The Wild Edge: Freedom to Roam the Pacific Coast
Photography by Florian Schulz with Bruce Barcott and Eric Scigliano (Braided River)
German-born photographer Florian Schulz rose to prominence with his first book, Yellowstone to Yukon: Freedom to Roam, which advocated for landscape-level, transnational ways of understanding and managing North America’s wildlands. He returns with an even bolder statement with The Wild Edge, presenting a vast, holistic vision of conservation across the Pacific Coast of North America. From the whale calving lagoons in Baja Mexico to the bird-nesting colonies of the Beaufort Sea, The Wild Edge seeks to raise awareness and inspire preservation of migration corridors and biological hot spots along our incomparable 6000 mile-long coast.

Wildlife of the World
Big, beautiful and bold, this hefty book produced in collaboration with the Smithsonian is a virtual ark of the soaring, squirming, slithering, swimming creatures that populate our planet. From the Titicaca grebes and Northern viscachas of the Andean Antiplano to the Bactrian camels and Przewalski’s wonder geckos of the Gobi Desert to the Peacock mantis shrimp and Scalloped hammerhead sharks of the Great Barrier Reef, thousands of amazing creatures are presented in vivid photography, natural history briefs and habitat maps. Every continent is explored in this virtual safari that hones in on the richest habitats like the Sulawesi Sea, Antarctic Peninsula, Kalahari Desert, Norwegian Fjords and North America’s own Yellowstone, Everglades, Sierra Nevada, Mojave and Arctic. The sumptuous book is an ode to biodiversity, a celebration of the many varied forms we share Earth with, and also a cautionary tale of what we stand to lose as Homo sapiens continue to dominate the planet and its resources.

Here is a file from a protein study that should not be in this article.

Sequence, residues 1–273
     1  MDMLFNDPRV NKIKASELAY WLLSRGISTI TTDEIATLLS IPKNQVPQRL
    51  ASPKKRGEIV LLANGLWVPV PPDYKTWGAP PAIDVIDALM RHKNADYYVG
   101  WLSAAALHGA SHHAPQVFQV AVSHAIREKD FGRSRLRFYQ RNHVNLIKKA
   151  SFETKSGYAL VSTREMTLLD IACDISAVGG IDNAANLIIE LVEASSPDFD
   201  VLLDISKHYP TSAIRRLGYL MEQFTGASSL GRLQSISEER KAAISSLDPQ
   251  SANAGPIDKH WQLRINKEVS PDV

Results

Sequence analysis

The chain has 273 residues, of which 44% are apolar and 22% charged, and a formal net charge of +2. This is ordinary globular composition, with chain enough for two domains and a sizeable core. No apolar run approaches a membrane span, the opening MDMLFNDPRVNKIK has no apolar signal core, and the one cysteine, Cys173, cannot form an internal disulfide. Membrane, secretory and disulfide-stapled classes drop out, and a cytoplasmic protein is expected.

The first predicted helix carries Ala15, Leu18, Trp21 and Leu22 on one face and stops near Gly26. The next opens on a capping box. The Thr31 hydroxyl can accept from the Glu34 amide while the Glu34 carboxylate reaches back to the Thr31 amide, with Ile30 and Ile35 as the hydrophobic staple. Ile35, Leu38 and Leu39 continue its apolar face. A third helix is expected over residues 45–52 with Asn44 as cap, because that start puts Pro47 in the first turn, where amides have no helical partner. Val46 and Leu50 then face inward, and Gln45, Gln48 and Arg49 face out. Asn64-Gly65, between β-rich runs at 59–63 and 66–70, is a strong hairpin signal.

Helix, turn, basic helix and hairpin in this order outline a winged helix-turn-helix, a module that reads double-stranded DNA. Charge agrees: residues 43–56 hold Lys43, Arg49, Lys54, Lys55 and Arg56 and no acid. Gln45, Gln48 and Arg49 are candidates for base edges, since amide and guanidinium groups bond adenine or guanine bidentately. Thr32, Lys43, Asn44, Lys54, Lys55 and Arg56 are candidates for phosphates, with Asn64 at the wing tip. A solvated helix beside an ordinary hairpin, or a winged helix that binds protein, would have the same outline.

Rarely Seen: Photographs of the Extraordinary
Susan Tyler Hitchcock (National Geographic Books)
Fantastical, ephemeral, rare and downright weird: this modern-day Book of Curiosities from National Geographic reveals the secrets of our world through jaw-dropping photographs. Lightly captioned, the images are left to tell their own stories. Organized around themes like Phenomena, Life and Moments, this large-format book presents images of frozen lava flows in the Galapagos, a 2,300 mummy known as the Bog Man, swimming elephants, the Terra Cotta Warriors and a painting made by a chimpanzee, all in the vivid How Did They Capture That-style that NG is known for. Seemingly random, strangely beautiful and defiantly odd, the end result of viewing Rarely Seen is “Wow, we live on a cool planet!”’
nps heacox
The National Parks: An Illustrated History
Kim Heacox (National Geographic)
Next year is the centennial of the National Park Service and you’ll be hearing a lot about this admired agency’s work at “preserving unimpaired” our treasured national landscapes and landmarks “for the enjoyment, education, and inspiration of this and future generations.” Nearly 300 million people visited NPS sites in 2014, which include 84 million acres of land, 27,000 historic structures, 18,000 miles of trails, 78 monuments, 25 battlefields and 10 seashores. This new book from National Geographic does an admirable job of rounding up many of these diverse resources and presenting them in their best light through photos, maps, historical records, inspiring quotes and people profiles. From the Gates of the Arctic to the Everglades, Olympic to Acadia, Haleakala to the Redwoods, it is the armchair travelers’ ticket to the best America has to offer. The book also reminds that the NPS stewards not only our most renowned places, but cultural heritage sites too, like Antietam, Pearl Harbor, Dry Tortuga, Ebey’s Landing and 75,000 archaeological sites. Heacox, who won a National Outdoor Book Award in 2015, ties it all together with his lively, celebratory prose.

Leave a Comment